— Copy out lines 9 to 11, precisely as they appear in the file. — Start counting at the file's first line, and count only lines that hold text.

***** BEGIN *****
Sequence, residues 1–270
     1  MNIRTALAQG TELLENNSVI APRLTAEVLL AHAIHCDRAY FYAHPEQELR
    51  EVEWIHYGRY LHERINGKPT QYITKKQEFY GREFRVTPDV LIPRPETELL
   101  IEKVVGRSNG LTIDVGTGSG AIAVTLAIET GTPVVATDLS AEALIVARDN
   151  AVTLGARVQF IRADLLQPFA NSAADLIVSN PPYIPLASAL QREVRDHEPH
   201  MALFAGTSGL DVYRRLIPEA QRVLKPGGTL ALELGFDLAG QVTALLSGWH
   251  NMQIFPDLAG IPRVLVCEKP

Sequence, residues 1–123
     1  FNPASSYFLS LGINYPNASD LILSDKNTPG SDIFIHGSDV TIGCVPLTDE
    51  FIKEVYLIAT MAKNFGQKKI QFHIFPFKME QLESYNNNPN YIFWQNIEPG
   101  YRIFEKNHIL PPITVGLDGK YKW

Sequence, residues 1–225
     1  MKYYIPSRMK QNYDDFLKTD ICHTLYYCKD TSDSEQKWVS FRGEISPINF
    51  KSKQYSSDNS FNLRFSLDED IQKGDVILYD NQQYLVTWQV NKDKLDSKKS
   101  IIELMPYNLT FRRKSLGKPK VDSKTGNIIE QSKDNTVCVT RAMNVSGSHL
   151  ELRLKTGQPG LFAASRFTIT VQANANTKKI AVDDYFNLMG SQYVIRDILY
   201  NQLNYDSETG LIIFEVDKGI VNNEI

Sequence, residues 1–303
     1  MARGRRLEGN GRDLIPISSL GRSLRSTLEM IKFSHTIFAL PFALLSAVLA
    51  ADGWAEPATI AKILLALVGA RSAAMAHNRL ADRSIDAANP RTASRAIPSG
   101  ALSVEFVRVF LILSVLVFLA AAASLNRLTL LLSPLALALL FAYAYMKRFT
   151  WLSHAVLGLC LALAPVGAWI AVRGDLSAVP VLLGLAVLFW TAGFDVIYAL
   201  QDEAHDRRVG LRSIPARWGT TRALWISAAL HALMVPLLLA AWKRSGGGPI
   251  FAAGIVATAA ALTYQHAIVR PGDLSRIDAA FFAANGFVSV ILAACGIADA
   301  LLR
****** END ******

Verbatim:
     1  FNPASSYFLS LGINYPNASD LILSDKNTPG SDIFIHGSDV TIGCVPLTDE
    51  FIKEVYLIAT MAKNFGQKKI QFHIFPFKME QLESYNNNPN YIFWQNIEPG
   101  YRIFEKNHIL PPITVGLDGK YKW